Mandela himself often cited Gandhi as an inspiration and claimed the Indian leader as a son of South Africa, stating that “India gave South Africa Gandhi the barrister and Africa gave India back Mahatma Gandhi the Great Soul. The leadership qualities of Nelson Mandela had at its base Gandhi’s Spirit. When Mandela spent 27 years of his life in Robben Island in the prison, the room was full of books of Gandhi and many other classics. The twenty seven years he spent in jail were spent in meditation and reflection and it is said that throughout the years, the bitterness left his soul and he provided the leadership to steer South Africa to be a multi ethnic state.
Martin Luther King also put Gandhian method of nonviolence as one of the most potent weapons available to an oppressed black people in their struggle for freedom. What fascinated King most in Gandhi was The ‘turn-the-other-cheek’ philosophy and the ‘love-your-enemies’ philosophy which Gandhi drew from the Sermon on the Mount. He therefore came to realize that Gandhi was the first person in history to reinvent the Christian ethic of love as a potent instrument for social and collective transformation. It was a short journey thereafter to unreserved acceptance of the Gandhian technique of nonviolence as the only viable means to overcome the problems faced by his people. In Gandhi’s teaching he found the answer to a question that had long troubled him: How does one set about carrying out a social reform? He found in the nonviolent resistance philosophy of Gandhi the only morally and practically sound method open to oppressed people in their struggle for freedom. King therefore advocated and practiced civil disobedience and nonviolence. Before he had read about Gandhi, he had almost concluded that the teaching of Jesus could only be put into practice as between individuals; but after making a study of Gandhi he realized that he had been mistaken.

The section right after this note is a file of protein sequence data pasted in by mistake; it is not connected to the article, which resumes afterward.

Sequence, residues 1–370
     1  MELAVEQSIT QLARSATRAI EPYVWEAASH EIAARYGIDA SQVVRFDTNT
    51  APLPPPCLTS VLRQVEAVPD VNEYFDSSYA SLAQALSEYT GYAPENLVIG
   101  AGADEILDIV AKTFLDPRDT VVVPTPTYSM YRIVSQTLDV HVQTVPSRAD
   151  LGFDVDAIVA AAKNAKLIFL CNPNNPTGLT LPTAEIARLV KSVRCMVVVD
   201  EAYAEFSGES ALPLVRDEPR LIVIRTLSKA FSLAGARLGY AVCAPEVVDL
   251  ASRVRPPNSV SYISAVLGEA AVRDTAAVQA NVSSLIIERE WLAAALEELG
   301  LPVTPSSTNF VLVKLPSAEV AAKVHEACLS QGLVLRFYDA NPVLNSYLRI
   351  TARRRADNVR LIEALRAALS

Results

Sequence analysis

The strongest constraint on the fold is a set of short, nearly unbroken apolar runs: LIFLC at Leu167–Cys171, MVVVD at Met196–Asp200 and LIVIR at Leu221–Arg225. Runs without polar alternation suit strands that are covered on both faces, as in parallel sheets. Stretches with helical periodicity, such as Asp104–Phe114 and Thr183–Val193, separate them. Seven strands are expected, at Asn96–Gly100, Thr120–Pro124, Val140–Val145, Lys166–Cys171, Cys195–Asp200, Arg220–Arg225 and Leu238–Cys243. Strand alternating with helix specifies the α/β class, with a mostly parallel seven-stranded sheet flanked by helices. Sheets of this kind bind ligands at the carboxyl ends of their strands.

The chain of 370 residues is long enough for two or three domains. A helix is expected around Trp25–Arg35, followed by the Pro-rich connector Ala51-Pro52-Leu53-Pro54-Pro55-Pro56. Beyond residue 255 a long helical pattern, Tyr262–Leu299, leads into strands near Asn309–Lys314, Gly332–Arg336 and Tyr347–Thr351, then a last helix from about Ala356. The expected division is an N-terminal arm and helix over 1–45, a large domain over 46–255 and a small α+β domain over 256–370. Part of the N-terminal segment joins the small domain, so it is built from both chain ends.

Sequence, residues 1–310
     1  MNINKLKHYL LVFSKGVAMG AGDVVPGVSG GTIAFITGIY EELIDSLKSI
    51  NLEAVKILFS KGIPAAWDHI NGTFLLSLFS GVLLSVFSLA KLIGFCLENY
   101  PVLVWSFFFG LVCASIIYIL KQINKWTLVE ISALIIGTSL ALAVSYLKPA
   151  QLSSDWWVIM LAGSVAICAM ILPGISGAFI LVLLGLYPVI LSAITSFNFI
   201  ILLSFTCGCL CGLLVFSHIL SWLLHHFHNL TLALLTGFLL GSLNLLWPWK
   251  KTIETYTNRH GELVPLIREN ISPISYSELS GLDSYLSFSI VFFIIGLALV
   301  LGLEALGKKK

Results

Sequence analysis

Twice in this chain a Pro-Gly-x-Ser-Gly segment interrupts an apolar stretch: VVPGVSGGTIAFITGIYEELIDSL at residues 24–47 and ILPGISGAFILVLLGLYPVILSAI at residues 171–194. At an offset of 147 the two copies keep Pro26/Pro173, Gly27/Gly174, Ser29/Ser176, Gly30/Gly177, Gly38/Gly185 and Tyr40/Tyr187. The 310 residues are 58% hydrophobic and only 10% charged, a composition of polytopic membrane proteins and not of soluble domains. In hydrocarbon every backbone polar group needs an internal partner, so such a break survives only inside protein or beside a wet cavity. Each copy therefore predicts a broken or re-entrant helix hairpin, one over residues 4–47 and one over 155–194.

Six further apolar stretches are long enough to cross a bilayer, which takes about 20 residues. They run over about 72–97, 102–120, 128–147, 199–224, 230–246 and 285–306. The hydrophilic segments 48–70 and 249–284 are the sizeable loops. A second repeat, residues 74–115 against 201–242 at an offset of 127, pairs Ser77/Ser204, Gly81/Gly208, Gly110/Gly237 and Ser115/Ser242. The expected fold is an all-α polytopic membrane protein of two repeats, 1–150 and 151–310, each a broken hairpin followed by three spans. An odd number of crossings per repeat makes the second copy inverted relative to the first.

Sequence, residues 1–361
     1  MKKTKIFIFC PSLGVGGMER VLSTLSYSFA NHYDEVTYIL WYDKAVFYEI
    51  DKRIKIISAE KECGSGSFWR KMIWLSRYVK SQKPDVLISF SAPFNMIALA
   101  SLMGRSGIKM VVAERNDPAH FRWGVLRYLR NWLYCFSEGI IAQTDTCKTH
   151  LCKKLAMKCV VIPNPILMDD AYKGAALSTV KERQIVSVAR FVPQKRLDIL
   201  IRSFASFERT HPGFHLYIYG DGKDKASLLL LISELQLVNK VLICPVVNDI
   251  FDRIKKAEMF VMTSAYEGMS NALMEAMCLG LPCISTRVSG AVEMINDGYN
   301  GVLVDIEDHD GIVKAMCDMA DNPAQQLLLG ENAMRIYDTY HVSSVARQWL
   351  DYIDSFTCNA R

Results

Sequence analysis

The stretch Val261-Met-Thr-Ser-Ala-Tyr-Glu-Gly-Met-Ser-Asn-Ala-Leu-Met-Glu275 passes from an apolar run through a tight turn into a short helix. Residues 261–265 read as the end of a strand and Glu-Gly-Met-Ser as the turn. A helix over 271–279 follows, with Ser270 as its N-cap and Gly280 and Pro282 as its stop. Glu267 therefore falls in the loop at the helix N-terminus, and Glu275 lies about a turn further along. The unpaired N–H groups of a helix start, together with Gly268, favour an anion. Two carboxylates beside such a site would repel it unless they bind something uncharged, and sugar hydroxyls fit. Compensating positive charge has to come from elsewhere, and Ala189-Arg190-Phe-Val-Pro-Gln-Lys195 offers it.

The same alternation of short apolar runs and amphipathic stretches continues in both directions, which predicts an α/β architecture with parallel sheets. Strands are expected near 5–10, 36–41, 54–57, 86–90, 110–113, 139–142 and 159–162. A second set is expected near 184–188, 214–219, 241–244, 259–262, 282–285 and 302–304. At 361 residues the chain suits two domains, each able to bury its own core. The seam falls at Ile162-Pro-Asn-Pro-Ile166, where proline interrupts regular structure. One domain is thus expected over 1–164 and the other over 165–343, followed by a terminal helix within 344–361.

Commenting on the relationship that existed between King and Gandhi, John Odey attests that King’s reverence for Gandhi was such that he “kept on reminding the blacks of the momentous need to conduct themselves in the spirit of Christ and that of Gandhi. It would therefore appear that he and Gandhi were the same in every bit of their conception of nonviolence and the application of its techniques. While there are many remarkable similarities between the two, they also differed slightly in some areas. But their objectives were the same, to free the oppressed. Most thinkers say that King remains one of those rare gems that tried to follow Gandhi to the latter. He died a real satyagrahi.
So are those antagonizing Gandhi trying to tell me that, these Leaders never knew Gandhi was a racist? They hailed him to a highest degree irrespective of the slight differences that exist among them which has become known to some people to oppose him.
As late as the end of the 1960s, the West African nationalist pioneer, Dr. Nnamdi Azikiwe wrote in the light of his own experience: “On Gandhi’s teachings of satyagraha, history has proved Gandhi right…” And we can add that Gandhi will continue to be proven right in Africa.
I do not have a problem if you criticize Gandhi for being a racist. But my problem is we have failed to balance our argument, hitting on the negative side of Gandhi but the positive influence has been side-lined. The real Gandhi is very different from the carefully orchestrated image of him that is spread around.
History may say otherwise, but then historical facts are always skewed and never present a full picture.
Let me put on record that the positive impact of Gandhi to Africa overweight the negative impact.
And remember that the entire world looks at Gandhi as one of the greatest human beings of modern times.
Let’s not be lame in our thinking, Gandhi deserves the best from Africans.
Nana Osei Asibey Gyabaah
Political Science and Archaeology
Level 400
University of Ghana-Legon
[email protected]